To combat this problem, Sprint has refocused on retention of existing users vs. the acquisition of new customers. "We now treat existing Sprint customers as the most important visitors to our stores," Hesse said during the call. But will that help? The U.S. economic outlook continues to worsen, and rivals such as AT&T are grabbing users with new devices like Apple's (AAPL) new iPhone. As carriers MetroPCS (PCS) and Leap Wireless (LEAP) expand their coverage nationwide, they could well eat into Sprint's subscribers and revenue per user, says Susan Welsh de Grimaldo, an analyst at Strategy Analytics in Newton Center, Mass. "[Sprint is] trying to turn its ship around, and it's a very large ship," says Moorman. "And you are going against the perfect storm, with the introduction of the iPhone 3G."
To compete with the iPhone, the company may have to increase its subsidies of cool new devices, like its best seller the Samsung Instinct, which could result in higher costs. Phil Asmundson, a vice-chairman at consultancy Deloitte & Touche, says Sprint may want to try differentiating its services by introducing phones that track a person's heart rate, or push more aggressively into mobile payment services, allowing people to use their phones like a credit card. "Those types of things can really get a lot of subscribers," he says.
Web Browsing Lead
Greater focus on data plans and services could help stem losses as well. Already, Sprint leads major U.S. carriers in its customers' use of mobile Web browsing: Nearly 22% of Sprint's users browse the Internet on their mobile phones, vs. 19% for AT&T and 12% for Verizon Wireless (vz/vod) customers, according to consultancy comScore M:Metrics (SCOR). That may give Sprint an edge in expanding its sales of mobile games and other applications and services.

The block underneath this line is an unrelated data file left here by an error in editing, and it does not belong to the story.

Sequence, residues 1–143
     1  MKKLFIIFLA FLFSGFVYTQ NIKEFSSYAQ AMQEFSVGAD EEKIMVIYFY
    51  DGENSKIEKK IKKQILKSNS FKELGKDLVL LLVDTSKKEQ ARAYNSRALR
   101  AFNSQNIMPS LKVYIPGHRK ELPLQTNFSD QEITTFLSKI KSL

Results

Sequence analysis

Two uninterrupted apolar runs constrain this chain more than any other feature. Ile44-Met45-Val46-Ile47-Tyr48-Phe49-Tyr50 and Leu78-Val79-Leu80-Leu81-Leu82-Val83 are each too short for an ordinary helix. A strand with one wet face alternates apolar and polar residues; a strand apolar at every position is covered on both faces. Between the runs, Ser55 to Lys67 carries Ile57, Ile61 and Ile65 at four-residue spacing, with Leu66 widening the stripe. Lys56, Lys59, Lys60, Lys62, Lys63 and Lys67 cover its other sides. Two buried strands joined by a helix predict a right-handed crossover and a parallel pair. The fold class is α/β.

But Sprint may also need to introduce more innovative—and possibly cheaper—voice and data plans to grab users' attention. And that, in turn, raises serious questions about the company's ability to keep its earnings and revenues per user up. Already, the company's third-quarter guidance is tepid: Sprint expects its operating earnings before charges like depreciation to decline, and its average revenue per user to come under pressure through the end of the year. That's in sharp contrast to the rest of the industry, which is benefiting from more users signing up for data plans: Industrywide average revenue per user should rise from $50.14 in 2007 to $50.40 this year, according to Strategy Analytics.
To reflect his concern with the outlook, on Aug. 6, Moorman cut his earnings estimates for Sprint for 2008 and 2009, and revised his target price from $11 to $9. And other analysts question Sprint's ability to continue to generate as much cash. "While the [capital expenditure] reductions enabled Sprint to report positive free cash flow for Q2, the current level of capital spending does not appear sustainable, in our view," said Moffet. "Sprint risks mortgaging its future if it cannot keep pace with network investment."
The bottom line: "We made an awful lot of progress in one quarter, but it's important that the market understand it is long term and not to expect that level of improvement every quarter," Hesse told BusinessWeek.